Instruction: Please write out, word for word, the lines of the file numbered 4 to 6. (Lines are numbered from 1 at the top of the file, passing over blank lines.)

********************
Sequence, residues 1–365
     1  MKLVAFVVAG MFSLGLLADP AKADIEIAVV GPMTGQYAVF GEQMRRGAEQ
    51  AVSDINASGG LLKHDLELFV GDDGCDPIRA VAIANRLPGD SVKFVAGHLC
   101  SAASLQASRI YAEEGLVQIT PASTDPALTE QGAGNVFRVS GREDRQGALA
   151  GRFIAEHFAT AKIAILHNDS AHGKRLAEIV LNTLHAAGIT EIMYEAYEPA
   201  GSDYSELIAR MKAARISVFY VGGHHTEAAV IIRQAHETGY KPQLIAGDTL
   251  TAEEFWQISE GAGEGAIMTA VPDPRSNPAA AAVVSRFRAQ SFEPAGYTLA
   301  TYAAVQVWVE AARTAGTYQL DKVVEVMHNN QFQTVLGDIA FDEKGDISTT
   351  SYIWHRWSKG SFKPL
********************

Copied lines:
   101  SAASLQASRI YAEEGLVQIT PASTDPALTE QGAGNVFRVS GREDRQGALA
   151  GRFIAEHFAT AKIAILHNDS AHGKRLAEIV LNTLHAAGIT EIMYEAYEPA
   201  GSDYSELIAR MKAARISVFY VGGHHTEAAV IIRQAHETGY KPQLIAGDTL